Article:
One of the splinters of the economic “recession” for the past 3 or 4 years has been a serious decline in charitable giving. Many professionals, including this author, believe that this will substantially change starting in 2011 for several reasons.
First, Income tax rates are likely going up, which gives a “bigger bang for your buck” on the charitable gift. If a person is in a 15% income tax bracket, then the tax benefit of a $1,000 gift is $150. On the other hand, if that person is in a 39% income tax bracket, the income tax benefit is $390.
Second, people are not inclined to give away “depreciated property” because the tax loss will be lost. Most people believe that we have reached the “bottom” in the downturn and assets are starting to appreciate. We have seen a nice uptick on the ticker tape recently on Wall Street. Gifts of appreciated property allows us to take an income tax deduction on the fair market value of the property (not the cost base) and at the same time, avoid the income tax consequences that would have been triggered if the property had been sold. For example, assume we bought a stock for $1,000 that is now worth $2,000. If we sold the stock, we would pay tax on the $1,000 of “gain”. On the other hand, if we donate that property, we receive a tax deduction on the entire value of $2,000 and avoid the income tax on the “gain”.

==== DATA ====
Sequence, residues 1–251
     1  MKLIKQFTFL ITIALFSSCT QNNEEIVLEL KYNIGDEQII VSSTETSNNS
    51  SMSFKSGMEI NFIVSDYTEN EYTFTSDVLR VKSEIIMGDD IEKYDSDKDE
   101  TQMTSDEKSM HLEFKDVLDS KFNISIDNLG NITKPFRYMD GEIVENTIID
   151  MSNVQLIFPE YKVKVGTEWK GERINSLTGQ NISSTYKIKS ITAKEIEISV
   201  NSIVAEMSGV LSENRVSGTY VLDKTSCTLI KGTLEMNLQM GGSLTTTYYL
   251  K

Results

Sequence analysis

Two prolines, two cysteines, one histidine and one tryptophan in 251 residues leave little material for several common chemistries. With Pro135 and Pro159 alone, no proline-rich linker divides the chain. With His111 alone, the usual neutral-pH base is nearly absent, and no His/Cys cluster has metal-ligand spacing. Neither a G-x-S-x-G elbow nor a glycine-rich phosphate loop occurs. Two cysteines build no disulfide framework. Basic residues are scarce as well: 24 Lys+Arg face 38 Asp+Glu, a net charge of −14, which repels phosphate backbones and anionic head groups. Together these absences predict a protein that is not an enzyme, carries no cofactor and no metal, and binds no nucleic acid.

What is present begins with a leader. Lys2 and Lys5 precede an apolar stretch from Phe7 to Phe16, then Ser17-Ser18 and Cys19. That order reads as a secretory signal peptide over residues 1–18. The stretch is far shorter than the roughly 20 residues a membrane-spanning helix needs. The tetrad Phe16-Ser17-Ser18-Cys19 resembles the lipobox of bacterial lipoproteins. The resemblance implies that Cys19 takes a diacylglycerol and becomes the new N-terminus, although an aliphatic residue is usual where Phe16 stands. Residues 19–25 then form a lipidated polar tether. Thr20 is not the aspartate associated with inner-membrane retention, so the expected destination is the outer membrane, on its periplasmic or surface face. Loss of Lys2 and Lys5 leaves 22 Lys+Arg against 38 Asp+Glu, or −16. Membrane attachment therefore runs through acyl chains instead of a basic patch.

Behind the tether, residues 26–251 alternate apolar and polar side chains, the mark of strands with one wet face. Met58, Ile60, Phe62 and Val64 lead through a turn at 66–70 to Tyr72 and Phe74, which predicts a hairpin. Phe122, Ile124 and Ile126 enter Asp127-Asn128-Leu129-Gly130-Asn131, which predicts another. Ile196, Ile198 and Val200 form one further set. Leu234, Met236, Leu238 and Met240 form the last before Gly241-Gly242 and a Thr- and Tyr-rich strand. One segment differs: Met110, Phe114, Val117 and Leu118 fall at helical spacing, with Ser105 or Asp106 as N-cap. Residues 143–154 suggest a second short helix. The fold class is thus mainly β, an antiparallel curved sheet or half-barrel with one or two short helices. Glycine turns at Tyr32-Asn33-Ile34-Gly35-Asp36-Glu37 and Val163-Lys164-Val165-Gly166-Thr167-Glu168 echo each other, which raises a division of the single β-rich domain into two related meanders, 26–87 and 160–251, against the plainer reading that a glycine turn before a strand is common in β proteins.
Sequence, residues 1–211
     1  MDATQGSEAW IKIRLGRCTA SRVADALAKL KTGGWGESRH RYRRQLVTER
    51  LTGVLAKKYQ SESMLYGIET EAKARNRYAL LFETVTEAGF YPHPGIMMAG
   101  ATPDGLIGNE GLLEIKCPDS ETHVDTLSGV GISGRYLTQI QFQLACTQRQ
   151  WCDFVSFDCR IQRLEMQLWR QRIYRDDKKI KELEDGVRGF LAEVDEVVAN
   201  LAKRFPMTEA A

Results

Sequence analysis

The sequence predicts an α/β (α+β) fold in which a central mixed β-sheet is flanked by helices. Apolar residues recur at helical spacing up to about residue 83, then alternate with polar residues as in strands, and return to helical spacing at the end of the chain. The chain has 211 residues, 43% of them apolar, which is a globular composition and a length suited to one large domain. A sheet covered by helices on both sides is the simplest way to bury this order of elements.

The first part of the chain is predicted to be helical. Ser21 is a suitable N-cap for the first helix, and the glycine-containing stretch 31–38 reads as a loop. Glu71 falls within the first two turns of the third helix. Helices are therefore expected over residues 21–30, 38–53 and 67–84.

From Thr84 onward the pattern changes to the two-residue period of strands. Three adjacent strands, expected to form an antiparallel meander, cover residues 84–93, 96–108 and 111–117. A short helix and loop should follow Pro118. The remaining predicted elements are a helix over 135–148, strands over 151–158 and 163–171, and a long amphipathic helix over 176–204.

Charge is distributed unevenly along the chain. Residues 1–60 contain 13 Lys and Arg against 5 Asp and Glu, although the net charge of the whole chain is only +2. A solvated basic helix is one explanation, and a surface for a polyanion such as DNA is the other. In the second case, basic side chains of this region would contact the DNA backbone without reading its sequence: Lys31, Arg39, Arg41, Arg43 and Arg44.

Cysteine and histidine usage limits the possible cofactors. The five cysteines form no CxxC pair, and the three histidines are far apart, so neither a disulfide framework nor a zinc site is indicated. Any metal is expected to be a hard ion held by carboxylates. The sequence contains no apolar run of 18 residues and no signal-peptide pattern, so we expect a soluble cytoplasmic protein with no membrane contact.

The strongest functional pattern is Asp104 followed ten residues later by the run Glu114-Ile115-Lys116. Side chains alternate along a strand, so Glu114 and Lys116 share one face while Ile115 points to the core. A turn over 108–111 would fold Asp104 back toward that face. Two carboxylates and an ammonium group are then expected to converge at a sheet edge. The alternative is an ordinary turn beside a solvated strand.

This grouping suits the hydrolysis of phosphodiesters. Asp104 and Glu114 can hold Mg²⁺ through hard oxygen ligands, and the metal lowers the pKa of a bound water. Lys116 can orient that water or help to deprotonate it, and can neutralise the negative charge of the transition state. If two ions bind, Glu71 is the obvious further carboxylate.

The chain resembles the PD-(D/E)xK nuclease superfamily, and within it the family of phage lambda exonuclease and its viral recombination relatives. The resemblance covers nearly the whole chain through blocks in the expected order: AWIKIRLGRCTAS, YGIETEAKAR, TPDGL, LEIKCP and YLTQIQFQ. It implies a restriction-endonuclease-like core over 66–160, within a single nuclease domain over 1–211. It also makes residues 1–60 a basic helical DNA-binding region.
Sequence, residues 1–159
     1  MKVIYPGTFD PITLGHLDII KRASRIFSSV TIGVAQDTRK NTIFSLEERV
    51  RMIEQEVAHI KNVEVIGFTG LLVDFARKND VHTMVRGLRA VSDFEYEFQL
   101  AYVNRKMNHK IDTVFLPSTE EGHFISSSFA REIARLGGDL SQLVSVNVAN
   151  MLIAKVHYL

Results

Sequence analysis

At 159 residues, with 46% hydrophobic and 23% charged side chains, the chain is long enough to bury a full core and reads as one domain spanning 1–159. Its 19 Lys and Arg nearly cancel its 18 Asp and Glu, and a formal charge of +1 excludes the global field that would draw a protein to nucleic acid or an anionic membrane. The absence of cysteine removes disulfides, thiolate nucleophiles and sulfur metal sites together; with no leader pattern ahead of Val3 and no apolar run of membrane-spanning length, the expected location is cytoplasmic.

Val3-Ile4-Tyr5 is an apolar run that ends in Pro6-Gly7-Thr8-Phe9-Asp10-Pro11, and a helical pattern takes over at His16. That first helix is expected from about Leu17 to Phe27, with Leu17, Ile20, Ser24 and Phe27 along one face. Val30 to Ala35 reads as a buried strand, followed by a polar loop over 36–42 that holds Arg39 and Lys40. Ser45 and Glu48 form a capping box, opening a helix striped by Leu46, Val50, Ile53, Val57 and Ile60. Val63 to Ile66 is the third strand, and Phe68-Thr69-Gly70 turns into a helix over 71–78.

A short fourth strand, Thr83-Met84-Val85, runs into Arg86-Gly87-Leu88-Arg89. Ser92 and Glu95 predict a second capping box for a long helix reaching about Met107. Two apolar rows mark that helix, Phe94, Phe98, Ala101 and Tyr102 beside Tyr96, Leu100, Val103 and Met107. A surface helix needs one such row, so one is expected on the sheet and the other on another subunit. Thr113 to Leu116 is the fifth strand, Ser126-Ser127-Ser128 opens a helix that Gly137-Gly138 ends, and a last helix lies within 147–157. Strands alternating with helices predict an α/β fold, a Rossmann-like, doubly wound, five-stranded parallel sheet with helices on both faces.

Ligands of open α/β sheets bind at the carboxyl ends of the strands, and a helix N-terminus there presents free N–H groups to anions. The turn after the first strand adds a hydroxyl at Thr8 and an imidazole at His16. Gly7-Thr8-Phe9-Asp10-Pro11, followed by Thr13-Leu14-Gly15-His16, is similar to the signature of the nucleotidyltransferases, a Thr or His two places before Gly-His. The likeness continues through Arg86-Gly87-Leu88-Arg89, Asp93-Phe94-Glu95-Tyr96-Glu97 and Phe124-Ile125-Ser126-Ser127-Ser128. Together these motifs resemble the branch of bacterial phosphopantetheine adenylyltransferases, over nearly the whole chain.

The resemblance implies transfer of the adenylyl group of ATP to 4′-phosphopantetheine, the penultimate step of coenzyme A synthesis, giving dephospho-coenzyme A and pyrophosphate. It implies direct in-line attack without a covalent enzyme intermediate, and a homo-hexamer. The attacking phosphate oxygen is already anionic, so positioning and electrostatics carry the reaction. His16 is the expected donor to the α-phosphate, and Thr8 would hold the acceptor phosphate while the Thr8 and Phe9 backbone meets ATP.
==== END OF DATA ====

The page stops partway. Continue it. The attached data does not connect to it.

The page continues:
And third, people are generally feeling better about the economic outlook now than they did a year ago. As the economy continues to improve, we will see increases to charitable giving. People feel more philanthropic and have a much greater sense of “giving back” when they are secure in their jobs and have a positive outlook on the economy.